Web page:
Fierce fighting between rebels and Muammar Gaddafi loyalists has broken out at Libya's only functioning oil refinery in the western city of Az Zawiyah.
The clashes on Wednesday are part of the rebels' push to cut fuel supplies to the regime's stronghold in Tripoli, the capital.
A rebel field commander in Az Zawiyah, Osama Arusi, said the fighting had shut down an oil pipeline to Tripoli and that rebels have surrounded the refinery.
"The pipeline from Az Zawiyah to Tripoli has been switched off," Arusi told the Associated Press news agency. "The man who is responsible for switching the pipeline off said it is not working."
Analysts said the capture of the 120,000-barrel-per-day refinery in Az Zawiyah would not have a major impact on Gaddafi's ability to secure fuel.
The flow of crude oil to the refinery from fields in the southwest of Libya had largely been halted since midsummer. The refinery was believed to be running at about one-third of its normal capacity, drawing mainly on reserve oil stored in its tanks.
Furthermore, Az Zawiyah mostly produced fuel oil, versus gasoline, which Gaddafi was trucking in from Tunisia and Algeria.
"In that sense, it's more significant that they [the rebels] have got control of the roads than the refinery," said John Hamilton, a Libya energy expert with Cross-Border Information and a contributing editor of Africa Energy.
"Strategically, that's a more important gain for the rebels. Having control of the roads makes it much harder for Gaddafi to get the petrol he needs" from Tunisia and Algeria.
About half a mile south of the refinery, an AP reporter saw two cars carrying civilians driving away from the refinery on an otherwise deserted road. Meanwhile, three pickup trucks loaded with fighters sped towards the refinery along the same road, to reinforce the troops.
The Libyan rebels made a dramatic advance on Saturday out of their bases in the western mountains near Tunisia into Az Zawiyah, just 30 miles west of Tripoli.
They took control of parts of the city and have been slowly gaining ground ever since.
The rebels are closing in on the capital from the west and the south, while NATO controls the seas to the north of Tripoli, which sits on the Mediterranean coast.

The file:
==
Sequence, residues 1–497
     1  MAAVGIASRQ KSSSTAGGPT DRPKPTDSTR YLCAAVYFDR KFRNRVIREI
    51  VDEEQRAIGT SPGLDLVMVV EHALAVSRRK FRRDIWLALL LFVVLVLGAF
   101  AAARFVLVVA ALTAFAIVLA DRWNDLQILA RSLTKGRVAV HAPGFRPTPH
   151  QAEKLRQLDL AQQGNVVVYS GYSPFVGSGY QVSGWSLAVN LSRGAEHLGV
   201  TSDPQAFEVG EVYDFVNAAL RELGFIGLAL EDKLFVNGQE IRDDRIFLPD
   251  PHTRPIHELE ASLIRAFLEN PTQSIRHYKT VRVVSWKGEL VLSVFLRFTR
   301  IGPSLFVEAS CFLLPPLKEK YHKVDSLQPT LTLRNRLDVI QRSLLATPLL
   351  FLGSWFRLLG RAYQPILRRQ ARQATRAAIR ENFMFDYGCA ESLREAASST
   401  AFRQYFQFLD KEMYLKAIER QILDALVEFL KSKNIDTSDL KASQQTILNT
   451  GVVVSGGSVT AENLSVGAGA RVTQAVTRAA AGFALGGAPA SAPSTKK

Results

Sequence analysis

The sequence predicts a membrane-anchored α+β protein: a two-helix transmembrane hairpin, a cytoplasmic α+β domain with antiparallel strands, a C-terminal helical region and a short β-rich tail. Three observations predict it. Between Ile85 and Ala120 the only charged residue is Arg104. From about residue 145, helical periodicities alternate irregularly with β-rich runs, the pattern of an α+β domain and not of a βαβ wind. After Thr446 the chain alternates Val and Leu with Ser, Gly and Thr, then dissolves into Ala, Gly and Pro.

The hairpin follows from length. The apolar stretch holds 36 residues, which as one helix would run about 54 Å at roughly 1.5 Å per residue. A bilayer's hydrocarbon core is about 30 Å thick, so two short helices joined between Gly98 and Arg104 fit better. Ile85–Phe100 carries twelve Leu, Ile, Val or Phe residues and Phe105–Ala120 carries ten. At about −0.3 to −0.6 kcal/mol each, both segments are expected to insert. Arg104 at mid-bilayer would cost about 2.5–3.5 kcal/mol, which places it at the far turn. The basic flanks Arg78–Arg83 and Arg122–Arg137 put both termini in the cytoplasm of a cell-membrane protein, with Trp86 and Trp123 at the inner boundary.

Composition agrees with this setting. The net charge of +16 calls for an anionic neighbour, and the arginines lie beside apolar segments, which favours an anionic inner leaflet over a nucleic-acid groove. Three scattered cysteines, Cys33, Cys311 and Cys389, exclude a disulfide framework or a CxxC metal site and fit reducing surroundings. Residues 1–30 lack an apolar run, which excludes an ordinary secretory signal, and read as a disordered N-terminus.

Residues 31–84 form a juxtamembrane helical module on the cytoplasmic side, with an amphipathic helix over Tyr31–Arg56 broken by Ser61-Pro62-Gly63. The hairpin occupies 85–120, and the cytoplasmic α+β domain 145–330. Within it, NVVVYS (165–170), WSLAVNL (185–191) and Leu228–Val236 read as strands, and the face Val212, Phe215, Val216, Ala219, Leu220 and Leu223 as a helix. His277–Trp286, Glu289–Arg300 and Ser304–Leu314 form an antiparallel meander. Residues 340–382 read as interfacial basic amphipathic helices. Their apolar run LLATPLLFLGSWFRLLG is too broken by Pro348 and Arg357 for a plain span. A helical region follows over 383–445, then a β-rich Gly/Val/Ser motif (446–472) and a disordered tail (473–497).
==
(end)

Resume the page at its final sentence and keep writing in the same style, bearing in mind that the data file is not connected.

NTC-Gaddafi talks denied
Meanwhile, a UN envoy has arrived in neighbouring Tunisia, where sources say rebels and representatives of the government are in talks on the island resort of Djerba.
The envoy, Abdul Ilah al-Khatib, told Reuters news agency that he would meet "Libyan personalities residing in Tunisia" to discuss the conflict.
Talks could signal the endgame of a battle that has drawn in NATO and emerged as one of the deadliest confrontations in the wave of unrest sweeping the Arab world.
|Weitz told Al Jazeera use of scuds may not be an escalation of the war, but they do send a message
But UN spokesman Farhan Haq said the world body had "no concrete information" on any talks in Tunisia and that its Libya envoy, al-Khatib, was not taking part in any such meetings.
The reports of rebel-government talks also sparked a swift denial from Gaddafi's government. His spokesman dismissed reports of negotiations about the Libyan leader's future as part of a "media war" against him.
"The leader is here in Libya, fighting for the freedom of our nation. He will not leave Libya," spokesman Moussa Ibrahim said.
Abdul Hafez Ghoga, vice-chairman of the National Transitional Council (NTC), also denied that such talks were under way.
Gaddafi forces fired a scud missile near the city of Brega on Sunday, marking the first use of it since the uprising against his rule began six months ago.
Although no one was hurt in the attack, Richard Weitz, director of the Centre for Political and Military Analysis at the Hudson Institute, told Al Jazeera that the use of scuds could signal Gaddafi's determination to fight.